If George Lucas used archetype and myth in Star Wars to bring an old story in to modern times, Stanley Kubrick used the language of his art to really get inside of us and make us think and feel deeply about the message he was trying to express.

    The film is so intriguing because through its slow pace and relative lack of action, it’s seeming simplicity, it winds up being one of the the most thought provoking films ever made. It forces minimalism on you. It demands that you see how simple and innocent we are and it achieves this while addressing the foundation of our entire history and the future of our entire race and our place in the universe.

    The films metaphors are psychological and are born from the art of looking. seeing and absorbing at what is dramatically presented before you in film , as film and deriving meaning, consciously, semi consciously or unconsciously from it.

    If we are to measure by films the effect of minimalism on our culture in the second half of the last century, Star Wars is int the wrong building. ” 2001: A Space Odyssey” , 42 years after it’s release still has many more lessons to offer about what being a human being really means, and if that does not define a work of art, I don’t know what does.

    1. Peter
      thanks for leaving the longest ever blog comment. We’ve entered it into the Guinness Book of World Records.

      I am going to respond in full after I’ve read your comment once more as I believe it deserves a proper response, more than I am capable of this sunny Sunday morning.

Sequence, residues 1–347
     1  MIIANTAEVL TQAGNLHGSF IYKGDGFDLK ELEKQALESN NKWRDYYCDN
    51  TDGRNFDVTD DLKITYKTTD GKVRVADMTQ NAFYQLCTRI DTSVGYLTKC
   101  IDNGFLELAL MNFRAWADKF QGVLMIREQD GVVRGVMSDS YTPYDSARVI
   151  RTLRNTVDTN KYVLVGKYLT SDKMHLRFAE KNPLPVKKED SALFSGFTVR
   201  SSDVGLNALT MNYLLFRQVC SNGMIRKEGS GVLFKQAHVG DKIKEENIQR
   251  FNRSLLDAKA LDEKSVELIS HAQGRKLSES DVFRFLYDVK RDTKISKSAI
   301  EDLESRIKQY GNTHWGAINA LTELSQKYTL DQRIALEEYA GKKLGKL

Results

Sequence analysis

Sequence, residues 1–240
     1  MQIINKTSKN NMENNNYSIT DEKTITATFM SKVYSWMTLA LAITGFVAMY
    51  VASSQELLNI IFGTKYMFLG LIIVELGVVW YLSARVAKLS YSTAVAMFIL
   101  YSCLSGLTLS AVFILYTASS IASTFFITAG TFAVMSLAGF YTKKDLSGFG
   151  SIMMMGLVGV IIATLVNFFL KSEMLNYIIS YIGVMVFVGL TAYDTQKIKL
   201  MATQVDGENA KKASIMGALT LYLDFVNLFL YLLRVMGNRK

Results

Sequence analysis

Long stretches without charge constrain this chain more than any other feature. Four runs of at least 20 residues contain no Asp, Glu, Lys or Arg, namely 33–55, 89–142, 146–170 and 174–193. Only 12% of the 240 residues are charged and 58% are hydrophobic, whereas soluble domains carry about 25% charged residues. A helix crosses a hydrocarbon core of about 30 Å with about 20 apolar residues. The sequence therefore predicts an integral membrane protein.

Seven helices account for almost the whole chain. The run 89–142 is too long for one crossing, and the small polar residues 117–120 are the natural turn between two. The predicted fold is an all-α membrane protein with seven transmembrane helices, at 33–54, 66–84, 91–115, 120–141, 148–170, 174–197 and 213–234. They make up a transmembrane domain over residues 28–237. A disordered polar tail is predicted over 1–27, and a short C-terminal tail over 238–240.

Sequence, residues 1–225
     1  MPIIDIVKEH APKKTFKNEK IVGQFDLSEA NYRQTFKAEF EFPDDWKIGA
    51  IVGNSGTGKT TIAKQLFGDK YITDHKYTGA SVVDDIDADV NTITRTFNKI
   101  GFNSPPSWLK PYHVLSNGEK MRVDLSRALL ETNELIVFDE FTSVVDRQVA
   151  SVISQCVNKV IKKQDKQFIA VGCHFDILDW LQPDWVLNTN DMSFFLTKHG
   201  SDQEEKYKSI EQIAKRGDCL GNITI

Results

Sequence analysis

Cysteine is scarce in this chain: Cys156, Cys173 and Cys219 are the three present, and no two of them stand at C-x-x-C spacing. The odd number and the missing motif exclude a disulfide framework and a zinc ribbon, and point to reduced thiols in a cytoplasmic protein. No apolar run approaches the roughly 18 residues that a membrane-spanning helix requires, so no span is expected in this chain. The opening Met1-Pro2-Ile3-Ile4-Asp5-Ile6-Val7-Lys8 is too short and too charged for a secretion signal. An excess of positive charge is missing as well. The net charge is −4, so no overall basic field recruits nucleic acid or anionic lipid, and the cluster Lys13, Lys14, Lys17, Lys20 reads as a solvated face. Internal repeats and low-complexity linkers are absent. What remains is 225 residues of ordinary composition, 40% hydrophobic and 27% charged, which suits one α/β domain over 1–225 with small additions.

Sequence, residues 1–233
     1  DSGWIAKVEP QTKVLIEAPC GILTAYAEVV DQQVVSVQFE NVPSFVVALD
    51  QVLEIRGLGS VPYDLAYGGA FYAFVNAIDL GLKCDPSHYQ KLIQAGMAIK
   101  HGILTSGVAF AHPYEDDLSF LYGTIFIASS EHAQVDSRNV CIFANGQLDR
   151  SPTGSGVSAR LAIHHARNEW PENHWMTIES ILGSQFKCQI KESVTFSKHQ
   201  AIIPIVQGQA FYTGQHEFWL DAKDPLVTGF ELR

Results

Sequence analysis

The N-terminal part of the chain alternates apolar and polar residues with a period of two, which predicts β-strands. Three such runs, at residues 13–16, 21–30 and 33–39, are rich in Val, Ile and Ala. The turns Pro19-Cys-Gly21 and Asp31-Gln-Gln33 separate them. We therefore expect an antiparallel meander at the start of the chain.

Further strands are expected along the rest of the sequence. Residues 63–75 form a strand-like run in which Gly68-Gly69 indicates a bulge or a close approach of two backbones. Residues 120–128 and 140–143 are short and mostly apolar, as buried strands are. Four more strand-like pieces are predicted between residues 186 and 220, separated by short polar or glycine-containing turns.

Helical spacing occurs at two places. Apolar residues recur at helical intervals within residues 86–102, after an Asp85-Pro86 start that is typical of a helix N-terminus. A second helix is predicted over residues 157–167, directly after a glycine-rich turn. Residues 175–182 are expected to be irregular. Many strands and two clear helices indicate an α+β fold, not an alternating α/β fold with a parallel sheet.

Z

  3. love this site and wish i could go to the exhibit!

    i’d never thought of star wars in the context of 2001, but it is an obvious precedent. a big difference between the two films, outside of minimalist artistic influences and intended social critique, is how THE FUTURE is visually depicted. 2001 came during the peak years of space travel idealism, released a mere 1.5 months after the first moon landing. star wars came 9 years later, importantly in my mind, after the 1973 oil crisis. 2001’s space station is new, clean, and pristine… utopic except for our friend, hal, while star wars was grimy in places and third world in others — the ‘lived in’ future where devices, robots, and wookies (lol!) don’t always work as they’re expected to. (i know hal didn’t function as expected either but it was more that hal worked too well, had too much power.) alien was another early space film to present a dirty space station, one that was literally infested.

    1. Jamon,
      Thanks for the comment. There are clips of the project on YouTube here: http://www.youtube.com/user/terminalsite

      All of John’s clips are there though not the entire project.

      John actually discusses this very issue that you have brought up. 2001 came out after several decades of American superiority, in the arts, in economy, in progress. The moon landing was important as was the aesthetic of NASA and the scientific promise that NASA’s engineers and accomplishments heralded.

      The Empire in Star Wars takes this legacy. Its Star Destroyers are clean, perfectly fashioned diamonds of technology. Stormtroopers are uniform in look (as well as in there inability to hit a damn target!)

      But the rebels and the Jedi lack the Empire’s sheen. In fact, Lucas specifically told his crew to give the Rebel Alliance’s ships a used look, as if their ships were once new, but now had aged a few hundred years.

      In 2001, everything is clean and orderly, Too clean (as you can see in HAL, what happens when we try to perfect artificial intelligence). As Powers argues in his project, Star Wars came out nearly a decade later, and what a decade it was. The counter cultural revolution had spun out of control with drugs and violence. The US was humbled (or embarrassed, depending on your viewpoint) in Vietnam. Then there was Watergate. And other societal tumult that turned the 70’s into, well, the 70’s.